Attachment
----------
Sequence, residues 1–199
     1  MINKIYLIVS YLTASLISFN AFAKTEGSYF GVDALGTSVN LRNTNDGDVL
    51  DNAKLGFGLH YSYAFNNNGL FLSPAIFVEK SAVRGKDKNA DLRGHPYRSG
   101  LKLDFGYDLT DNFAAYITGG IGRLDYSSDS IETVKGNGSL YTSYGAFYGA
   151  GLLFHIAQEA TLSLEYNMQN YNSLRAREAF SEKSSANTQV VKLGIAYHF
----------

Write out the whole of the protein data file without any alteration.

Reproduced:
Sequence, residues 1–199
     1  MINKIYLIVS YLTASLISFN AFAKTEGSYF GVDALGTSVN LRNTNDGDVL
    51  DNAKLGFGLH YSYAFNNNGL FLSPAIFVEK SAVRGKDKNA DLRGHPYRSG
   101  LKLDFGYDLT DNFAAYITGG IGRLDYSSDS IETVKGNGSL YTSYGAFYGA
   151  GLLFHIAQEA TLSLEYNMQN YNSLRAREAF SEKSSANTQV VKLGIAYHF